No More Treading Water: Australian Research Council Joins Forced Swim Test Ban

Posted on by PETA Australia

There’s another nail in the coffin for the cruel forced swim test in Australia: the Australian Research Council (ARC) has endorsed the National Health and Medical Research Council’s (NHMRC) decision to prohibit funding any experiments that use the forced swim test to model human depression in order to study “depression-like behaviour” or anxiety disorders and their treatment.

The ARC acts as the government’s primary non-medical research funding agency, and the decision will prevent mice, rats, and other small animals from being used in experiments in which they are often dosed with a test substance and are then dropped into inescapable beakers of water. Experimenters watch as the animals frantically swim for their lives and struggle to stay afloat in the debunked belief that this reveals something about human depression.

The ARC’s decision comes after pressure from Animal-Free Science Advocacy, following successful requests by PETA and Animal-Free Science Advocacy for NHMRC to update its policy last year.

While NHMRC stopped short of implementing a full ban, these new requirements will significantly reduce, if not eliminate, the use of the forced swim test in Australia. The policy also states that experimenters funded by NHMRC who are currently using the test must re-evaluate their project within three months and that animal ethics committees must include compelling justifications for using the forced swim test in their annual reports. PETA entities around the world have been pressing for an end to the use of the test globally, and NHMRC’s report cites our work on this issue. PETA will continue to monitor any lingering use of the forced swim test in Australian laboratories.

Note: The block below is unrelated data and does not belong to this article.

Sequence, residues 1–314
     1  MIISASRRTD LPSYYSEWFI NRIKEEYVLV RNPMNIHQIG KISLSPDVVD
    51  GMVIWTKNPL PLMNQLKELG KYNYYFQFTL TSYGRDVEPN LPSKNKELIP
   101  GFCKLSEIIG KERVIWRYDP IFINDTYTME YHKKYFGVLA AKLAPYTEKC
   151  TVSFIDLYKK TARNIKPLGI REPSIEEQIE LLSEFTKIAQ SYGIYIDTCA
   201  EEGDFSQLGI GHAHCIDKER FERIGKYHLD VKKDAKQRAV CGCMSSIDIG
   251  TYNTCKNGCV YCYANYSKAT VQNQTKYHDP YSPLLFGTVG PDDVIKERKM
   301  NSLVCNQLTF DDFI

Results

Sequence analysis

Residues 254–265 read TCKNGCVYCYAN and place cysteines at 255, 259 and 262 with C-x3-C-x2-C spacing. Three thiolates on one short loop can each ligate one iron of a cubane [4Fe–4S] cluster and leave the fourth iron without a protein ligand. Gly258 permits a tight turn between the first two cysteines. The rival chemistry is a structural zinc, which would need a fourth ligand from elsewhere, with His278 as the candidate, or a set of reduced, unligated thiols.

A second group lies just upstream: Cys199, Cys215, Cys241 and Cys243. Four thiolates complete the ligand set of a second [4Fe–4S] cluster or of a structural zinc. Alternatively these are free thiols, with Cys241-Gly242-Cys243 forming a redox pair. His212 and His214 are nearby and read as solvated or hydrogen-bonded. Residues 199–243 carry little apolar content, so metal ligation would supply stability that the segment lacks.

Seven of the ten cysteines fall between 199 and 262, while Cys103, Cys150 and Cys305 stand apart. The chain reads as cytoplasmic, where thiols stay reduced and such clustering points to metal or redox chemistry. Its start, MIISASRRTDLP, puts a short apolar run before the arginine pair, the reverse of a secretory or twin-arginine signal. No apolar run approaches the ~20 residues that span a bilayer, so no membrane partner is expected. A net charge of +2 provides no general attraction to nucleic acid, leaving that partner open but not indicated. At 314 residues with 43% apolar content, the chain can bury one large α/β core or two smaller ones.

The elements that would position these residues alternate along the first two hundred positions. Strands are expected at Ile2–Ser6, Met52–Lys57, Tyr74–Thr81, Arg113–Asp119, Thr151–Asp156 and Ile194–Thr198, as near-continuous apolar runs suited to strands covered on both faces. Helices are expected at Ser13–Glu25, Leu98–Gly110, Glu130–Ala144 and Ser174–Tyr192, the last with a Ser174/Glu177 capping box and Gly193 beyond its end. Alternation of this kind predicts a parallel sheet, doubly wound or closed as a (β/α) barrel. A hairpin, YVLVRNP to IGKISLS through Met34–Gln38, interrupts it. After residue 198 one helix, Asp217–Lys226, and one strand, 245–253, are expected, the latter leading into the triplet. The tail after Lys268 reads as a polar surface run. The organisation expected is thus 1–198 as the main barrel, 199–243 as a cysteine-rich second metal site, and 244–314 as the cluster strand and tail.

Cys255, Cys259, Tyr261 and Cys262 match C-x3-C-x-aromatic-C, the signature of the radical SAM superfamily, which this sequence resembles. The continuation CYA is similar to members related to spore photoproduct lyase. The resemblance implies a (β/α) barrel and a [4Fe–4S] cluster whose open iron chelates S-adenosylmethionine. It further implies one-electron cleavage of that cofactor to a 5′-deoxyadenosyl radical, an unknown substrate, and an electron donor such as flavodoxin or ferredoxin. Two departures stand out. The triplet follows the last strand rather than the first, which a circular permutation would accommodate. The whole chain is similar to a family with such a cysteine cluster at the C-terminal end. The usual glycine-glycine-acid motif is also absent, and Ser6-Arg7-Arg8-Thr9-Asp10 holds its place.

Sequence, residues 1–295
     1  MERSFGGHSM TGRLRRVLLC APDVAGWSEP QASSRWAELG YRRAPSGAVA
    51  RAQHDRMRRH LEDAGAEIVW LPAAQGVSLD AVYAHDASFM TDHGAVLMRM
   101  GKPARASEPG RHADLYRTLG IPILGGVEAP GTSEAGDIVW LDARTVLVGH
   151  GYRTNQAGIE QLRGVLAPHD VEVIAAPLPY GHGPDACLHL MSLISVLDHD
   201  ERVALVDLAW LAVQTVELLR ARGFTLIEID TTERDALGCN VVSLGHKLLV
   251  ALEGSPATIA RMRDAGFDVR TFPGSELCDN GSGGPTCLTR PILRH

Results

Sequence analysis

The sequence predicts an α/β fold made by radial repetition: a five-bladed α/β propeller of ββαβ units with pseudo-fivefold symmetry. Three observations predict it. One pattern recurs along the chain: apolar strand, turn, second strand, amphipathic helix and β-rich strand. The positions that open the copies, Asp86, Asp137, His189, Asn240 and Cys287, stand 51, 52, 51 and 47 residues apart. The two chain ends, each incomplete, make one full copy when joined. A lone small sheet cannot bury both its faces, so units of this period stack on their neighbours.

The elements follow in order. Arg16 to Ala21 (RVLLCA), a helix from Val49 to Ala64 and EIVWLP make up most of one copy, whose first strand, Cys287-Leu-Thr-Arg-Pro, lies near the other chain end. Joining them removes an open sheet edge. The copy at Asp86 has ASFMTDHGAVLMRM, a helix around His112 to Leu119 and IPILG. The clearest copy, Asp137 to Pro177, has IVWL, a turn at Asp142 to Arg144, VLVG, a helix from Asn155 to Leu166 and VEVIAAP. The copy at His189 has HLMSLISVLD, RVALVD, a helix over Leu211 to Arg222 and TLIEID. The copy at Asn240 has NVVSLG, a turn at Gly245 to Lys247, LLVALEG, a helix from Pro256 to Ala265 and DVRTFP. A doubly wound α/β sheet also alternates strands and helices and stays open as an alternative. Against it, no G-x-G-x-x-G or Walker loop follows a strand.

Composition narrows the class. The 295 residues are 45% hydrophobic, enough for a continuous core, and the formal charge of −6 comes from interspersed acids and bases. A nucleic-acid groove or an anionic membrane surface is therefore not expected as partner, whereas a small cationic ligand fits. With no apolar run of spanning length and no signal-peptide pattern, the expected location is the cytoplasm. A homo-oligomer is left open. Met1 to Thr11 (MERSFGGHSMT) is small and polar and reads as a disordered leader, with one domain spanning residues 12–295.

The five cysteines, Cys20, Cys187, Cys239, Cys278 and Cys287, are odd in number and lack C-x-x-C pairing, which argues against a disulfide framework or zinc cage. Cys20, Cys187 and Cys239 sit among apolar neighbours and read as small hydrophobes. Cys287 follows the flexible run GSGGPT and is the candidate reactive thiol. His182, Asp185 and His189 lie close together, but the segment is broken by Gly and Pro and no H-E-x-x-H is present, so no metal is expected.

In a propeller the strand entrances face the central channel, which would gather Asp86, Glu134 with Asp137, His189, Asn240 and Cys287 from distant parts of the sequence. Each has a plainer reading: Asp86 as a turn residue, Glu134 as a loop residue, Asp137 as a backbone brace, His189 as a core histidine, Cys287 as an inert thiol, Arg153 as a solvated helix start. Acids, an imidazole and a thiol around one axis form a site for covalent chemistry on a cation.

Putting an End to the Forced Swim Test

Forcing frantic animals to swim for fear of drowning is both physically and psychologically abusive – not to mention irrelevant to human depression. Analysis of data from 15 major pharmaceutical companies shows that the forced swim test doesn’t accurately predict whether a compound will have antidepressant efficacy in humans.

Scientists all over the world – including at top pharmaceutical companies such as Bristol Myers Squibb, Pfizer, AstraZeneca, AbbVie, GSK, and Roche – are no longer wasting time and money on this test. The NHMRC’s decision is part of a trend toward good science: in the last year alone, PETA aided NZAVS in securing New Zealand’s ban on the bogus test, more than a dozen UK research universities confirmed that they neither use the cruel test nor intend to do so in the future, and the University of Western Australia joined other universities across the country in confirming that it has ended its use of such experiments.

Now, we’re asking The Florey, La Trobe University, the University of Melbourne, Monash University, and the University of Queensland to join them. Allowing the forced swim test to continue at Australian universities advances nothing but cruelty to animals. Take action by adding your name to our petition: